China Takes a Hard Look at Corporate Borrowers

The U.S. and Europe aren’t the only places where authorities are trying to wean economies off easy money. In China, policymakers and fiscal regulators are working hand in hand to defuse a debt bomb. But they’re doing it without resorting to big interest rate hikes that might crimp growth.

China’s total debt equaled 162 percentage of gross domestic product in 2008. By 2016 it had climbed to 259 percentage, an increase of more than $ 22 trillion, in large portion because of massive corporate borrowing. And even with the current push to deleverage, it could reach 327 percentage by 2022, according to Bloomberg Economics.

Speaking at an annual assemble of economic policymakers in Beijing in December, President Xi Jinping said curbing pollution, cutting poverty, and reducing indebtednes risks are the” critical battles” over the next three years. Zhou Xiaochuan, governor of the central bank, has warned that China may experience a “Minsky Moment” — a hard landing after an extended period of debt-fueled growth.

Since Xi consolidated power at a key Communist Party meeting late last year, China has doubled down on measures to address excess in the financial system, including rules and regulations to curb off-balance-sheet giving by banks and other fiscal mediators. Last year the government began reining in some of the country’s acquisitive private conglomerates–including HNA Group, Anbang Insurance Group, and Dalian Wanda Group–to avoid the kind of debt-fueled, cross-border trophy bargains that got the Japanese in trouble back in the early 1990 s.

Guo Shuqing, China’s top banking regulator–who many think is poised to become the next head of the central bank–has vowed to take action against those who built large financial conglomerates through complex ownership structures, which often disguise true debt levels.

HNA, a no-name regional airline that grew into a sprawling conglomerate, is already uncomfortably close to the edge of the abyss. It had $190 billion of assets–more than at American Express Co.–as of June, including stakes in everything from Deutsche Bank AG to Hilton Worldwide Holdings Inc . and properties on Third Avenue and Park Avenue in New York. Under pressure from the government, HNA has gone on a accident diet. It needs to sell off assets rapidly to cover a potential shortfall of at least 15 billion yuan ($ 2.4 billion) in the first quarter, according to people familiar with the situation.

Dalian Wanda, a conglomerate that includes the world’s largest cinema operator, has bailed out of luxury hotel and resort projects from London to Australia in recent months to raise money amid rising Chinese government scrutiny of how it financed a decade-long overseas expansion. Others are expected to follow, including insurance giant Anbang, proprietor of the Waldorf Astoria.

On the heels of a commotion of dealmaking in 2016 that thrust China to No. 2 behind the U.S. on the ranking of global acquirers, Beijing laid down new rules on overseas investments, building explicit its de facto campaign against ” irrational” acquisitions in industries such as real estate, gambling, and entertainment, while blessing outlays in support of the government’s One Belt, One Road initiative. The effect was immediate: Total capital outflows fell to $408 billion in 2017, half of the total for 2016, according to Natixis SA.” We expect the capital outflows condition in 2018 to remain stable as the scrutiny measures on cross-border capital movement are certainly running ,” says Alicia Garcia-Herrero, the firm’s chief economist for Asia Pacific.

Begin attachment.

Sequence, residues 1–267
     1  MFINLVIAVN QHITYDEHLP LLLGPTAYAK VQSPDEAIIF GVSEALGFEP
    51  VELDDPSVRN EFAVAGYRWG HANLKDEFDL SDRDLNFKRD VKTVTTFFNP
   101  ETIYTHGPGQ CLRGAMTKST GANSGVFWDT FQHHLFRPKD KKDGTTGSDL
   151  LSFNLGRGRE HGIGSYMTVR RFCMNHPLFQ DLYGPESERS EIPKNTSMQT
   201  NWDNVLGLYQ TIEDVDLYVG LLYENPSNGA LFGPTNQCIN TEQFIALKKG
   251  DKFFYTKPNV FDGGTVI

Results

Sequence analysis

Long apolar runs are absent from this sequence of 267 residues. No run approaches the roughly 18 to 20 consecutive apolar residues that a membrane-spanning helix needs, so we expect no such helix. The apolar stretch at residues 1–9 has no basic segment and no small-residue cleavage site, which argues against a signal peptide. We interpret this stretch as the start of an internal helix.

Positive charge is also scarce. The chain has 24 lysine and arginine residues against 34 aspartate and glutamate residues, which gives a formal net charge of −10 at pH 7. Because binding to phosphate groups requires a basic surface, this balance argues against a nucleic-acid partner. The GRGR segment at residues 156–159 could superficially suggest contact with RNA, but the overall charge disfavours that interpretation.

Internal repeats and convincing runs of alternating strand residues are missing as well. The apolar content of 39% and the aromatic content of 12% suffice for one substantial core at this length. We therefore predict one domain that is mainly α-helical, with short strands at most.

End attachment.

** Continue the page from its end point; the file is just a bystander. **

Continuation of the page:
China’s banking regulator last summer ordered lenders to examine their exposure to private conglomerates, which was a way to slow borrowing by firms without raising benchmark interest rates. In China, the amount of giving, rather than official interest rates, is the best indicator of how tight or loose government monetary policy is. And the picture is pretty clear: Broad-based money supply growth slackened to 8.2 percent in December, the weakest since data became available in 1998.” They are stiffening ,” says Chetan Ahya, chief Asia economist at Morgan Stanley.” China has always relied more on actually controlling the flow of credit through direct measures .”

While official interest rates haven’t risen, the crackdown has pushed up borrowing costs for companies. The median yield on five-year bonds from top-rated Chinese corporates has jumped 1.5 percentage points since the beginning of 2017, to 5.47 percentage, the highest level since May 2014, according to ChinaBond data.” If you are a cash-rich firm, you can still pursue deals as there is a desire. But if you are a debt-fueled one, you won’t be able to pass the regulatory check ,” says Zhang Shuncheng, a Shanghai-based analyst at Fitch Ratings Ltd.

The task of China’s policymakers is constructed easier by the fact that the debt problem is restricted largely to the corporate sector, as household and government debt levels are relatively low. Also, solid growth and robust exports have given officials a window to slow the pace of credit growth with targeted measures without triggering a slowdown. Economists surveyed by Bloomberg project the economy’s expansion will slow to a still-healthy 6.5 percentage this year, from last year’s 6.9 percent.

What’s good for China as a whole may not be so good for companies that had become hooked on cheap borrowing.” The big conglomerates may think twice before they take on ever more debt ,” says Nigel Stevenson, an analyst at fiscal research firm GMT Research Ltd. in Hong Kong.” Previously they may have assumed the lenders would always support them .”

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